• C. Ryan Chandler

The Peace of Wild Things


When despair for the world grows in me and I wake in the night at the least sound in fear of what my life and my children's lives may be, I go and lie down where the wood drake rests in his beauty on the water, and the great heron feeds. I come into the peace of wild things who do not tax their lives with forethought of grief. I come into the presence of still water. And I feel above me the day-blind stars waiting with their light. For a time I rest in the grace of the world, and am free. - Wendell Berry


26 “Does the hawk take flight by your wisdom and spread its wings toward the south? 27 Does the eagle soar at your command and build its nest on high? 28 It dwells on a cliff and stays there at night; a rocky crag is its stronghold. 29 From there it looks for food; its eyes detect it from afar. 30 Its young ones feast on blood, and where the slain are, there it is.” - Job 39:26-30


Above is the poem "The Peace of Wild Things" by farmer, poet, and environmentalist Wendell Berry. I have been thinking about it for over a year now, ever since I started at Trinity Baptist Church. The phrase seems odd, doesn't it? The words "wild" and "peace" are two that typically are not sewn into the same fabric. But Berry's poetry has a fashion of seeing wild things through different lenses. When all of the world around him is chaos, the poet finds peace and place in woodlands surrounding his farm.


When I try to think of finding peace in the wildness of nature, I imagine the bays and beaches around the Texas Gulf Coast. The waters teem endlessly with sovereign creatures. They are not capable of being tamed. Most would not make good pets. They will never learn to sit or fetch. They are careless of man's superiority over creation. When you enter the dark waters, you have resigned your high position on the food chain. Every time I enter the water to fish, I am fully aware that I have entered the chaos of equality. A hungry shark doesn't care that you were made in the image of God and not he.


One of my favorite comedians, Mitch Hedberg, once said, "Fish are always eating other fish. If fish could scream, the ocean would be loud as..." I'll leave his quote right there and let you guess the rest. But we know it's true. Consult any National Graphic documentary and they will tell you, the wilderness, especially the ocean, is often anything but peaceful. A childhood right of passage is witnessing a crocodile snag an antelope in it's jaws and drag it kicking and screaming into his murky abyss. Ah, nature! Or who doesn't love watching a cheetah chase down a gazelle on the plains? Just stunning. Sometimes, nature is the most non-peaceful place in the world. How can peace exist in the wilderness; in the wildness of a place like the Texas Gulf Coast?


I asked myself that question as I read Berry's poem again and again. I finally I came to this conclusion: the peace of wild things is found in humility and acceptance.


I accept that I am not fully in control of everything in life. I accept that here I am only a small part of all that is happening around me. In fact, the chaos I may be experiencing in my life is really quite small when viewed along the scope of all creation. I accept that I am not responsible for how everything plays out in this world, but only my humble contribution. I accept that I cannot control and direct all that is happening around me. All I can do is breathe, and watch, and react, and love, and witness, and forgive. I claim to know nothing except Christ and him crucified.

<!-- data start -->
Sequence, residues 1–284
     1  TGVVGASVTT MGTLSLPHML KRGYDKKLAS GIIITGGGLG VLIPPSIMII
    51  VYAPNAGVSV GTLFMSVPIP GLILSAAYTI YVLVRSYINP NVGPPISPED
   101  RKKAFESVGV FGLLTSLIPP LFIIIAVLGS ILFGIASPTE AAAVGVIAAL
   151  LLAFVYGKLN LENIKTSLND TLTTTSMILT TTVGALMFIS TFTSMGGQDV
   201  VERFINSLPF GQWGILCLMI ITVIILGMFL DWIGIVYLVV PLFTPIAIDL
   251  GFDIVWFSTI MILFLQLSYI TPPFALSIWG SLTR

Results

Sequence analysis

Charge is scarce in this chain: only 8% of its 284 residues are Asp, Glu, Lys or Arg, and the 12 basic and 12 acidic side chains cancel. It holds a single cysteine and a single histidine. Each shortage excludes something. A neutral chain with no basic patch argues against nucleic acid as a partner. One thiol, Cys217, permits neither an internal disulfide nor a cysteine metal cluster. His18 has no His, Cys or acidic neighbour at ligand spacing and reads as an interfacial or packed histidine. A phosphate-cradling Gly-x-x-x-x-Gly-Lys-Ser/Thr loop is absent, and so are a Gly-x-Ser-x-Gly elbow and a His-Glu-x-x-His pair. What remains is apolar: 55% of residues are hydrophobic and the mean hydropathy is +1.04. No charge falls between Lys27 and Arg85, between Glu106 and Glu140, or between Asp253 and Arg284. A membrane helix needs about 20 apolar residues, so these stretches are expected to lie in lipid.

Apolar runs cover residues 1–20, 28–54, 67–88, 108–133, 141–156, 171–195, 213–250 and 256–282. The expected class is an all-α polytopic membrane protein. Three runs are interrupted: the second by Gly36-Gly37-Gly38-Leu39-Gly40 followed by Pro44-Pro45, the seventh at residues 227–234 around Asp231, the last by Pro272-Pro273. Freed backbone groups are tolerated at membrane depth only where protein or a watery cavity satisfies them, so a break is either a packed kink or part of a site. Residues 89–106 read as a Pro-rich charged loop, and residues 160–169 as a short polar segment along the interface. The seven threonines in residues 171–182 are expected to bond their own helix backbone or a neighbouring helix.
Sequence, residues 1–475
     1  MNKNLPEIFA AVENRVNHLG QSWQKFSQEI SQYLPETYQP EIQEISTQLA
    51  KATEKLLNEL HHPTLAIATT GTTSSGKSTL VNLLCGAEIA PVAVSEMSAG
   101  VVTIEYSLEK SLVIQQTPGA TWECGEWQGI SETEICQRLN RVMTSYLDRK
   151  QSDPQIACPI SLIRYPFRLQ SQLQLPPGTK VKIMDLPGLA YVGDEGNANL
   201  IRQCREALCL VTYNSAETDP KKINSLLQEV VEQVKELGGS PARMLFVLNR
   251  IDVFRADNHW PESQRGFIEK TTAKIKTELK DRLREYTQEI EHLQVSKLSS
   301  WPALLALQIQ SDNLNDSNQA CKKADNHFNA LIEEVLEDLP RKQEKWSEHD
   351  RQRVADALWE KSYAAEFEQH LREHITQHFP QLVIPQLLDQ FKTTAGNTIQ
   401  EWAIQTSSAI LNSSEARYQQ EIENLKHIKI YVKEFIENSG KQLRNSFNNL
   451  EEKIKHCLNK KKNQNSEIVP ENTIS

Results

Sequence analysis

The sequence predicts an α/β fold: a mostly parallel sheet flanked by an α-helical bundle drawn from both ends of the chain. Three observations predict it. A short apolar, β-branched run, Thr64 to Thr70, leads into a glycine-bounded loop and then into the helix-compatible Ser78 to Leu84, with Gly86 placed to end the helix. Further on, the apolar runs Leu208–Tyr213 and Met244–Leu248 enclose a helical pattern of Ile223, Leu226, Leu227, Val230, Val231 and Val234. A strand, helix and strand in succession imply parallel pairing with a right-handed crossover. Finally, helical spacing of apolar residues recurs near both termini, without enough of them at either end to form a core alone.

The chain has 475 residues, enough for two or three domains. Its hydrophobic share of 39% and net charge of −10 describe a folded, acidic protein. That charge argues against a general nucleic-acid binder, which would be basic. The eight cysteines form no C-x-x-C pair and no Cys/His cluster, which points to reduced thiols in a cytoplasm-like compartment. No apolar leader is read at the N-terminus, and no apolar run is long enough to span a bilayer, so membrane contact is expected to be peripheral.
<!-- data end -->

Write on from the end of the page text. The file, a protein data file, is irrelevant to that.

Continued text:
Pastoring a local church feels much like this. It is wild and stocked with sovereign creatures. It is filled with dogmatic deacons and opinionated, wealthy matriarchs. Creatures eager to push their own agendas and point of views to the forefront of attention. Creatures willing to bite and scratch and bleed to survive. They are wild creatures in a wild setting. They care little about your degree, besides the fact that you have one. They couldn't care less about your opinions on Calvin or Arminius, even if you've got a really good point. They don't care or consider that you may be able to see things they can't see; that you have a superior vision (please sense the sarcasm here) that could lead them to a better place if only they would listen.


How is peace found here, in the wildness of the local church? I believe much in the same way as nature - through humility and acceptance. Acceptance of that fact that a disciple of Jesus doesn't require an M.Div. Acceptance of the fact that a lecture on Calvin or Arminius has never opened the eyes of the blind. Acceptance that the only vision a church really needs is found in Matthew 28 or even that I'm not the only one with vision around here. Acceptance that it is in the wildness, wilderness scripture calls it, where God shows up to form, and mold, and lead his people to a new land.


Bruce told me once to let the church vote. Always! Every issue, even if it's unpopular. Let the church decide. He said that more often than not, they will vote for the right thing. And if they vote for something you don't want, then maybe, just maybe, it's a good time to remember that peace of wild things. It's time to remember that God is really the one behind all of this and not me; that Jesus is the head of the church. A little reading in the book of Job (I placed a portion of chapter 39 above, but the whole chapter is worthy of reading) will remind you of your place. If it's taught me anything it's that God is the only one capable of controlling these wild things. And the local church is indeed a wild thing.

  • Black Vimeo Icon
  • Black Facebook Icon
  • Black Twitter Icon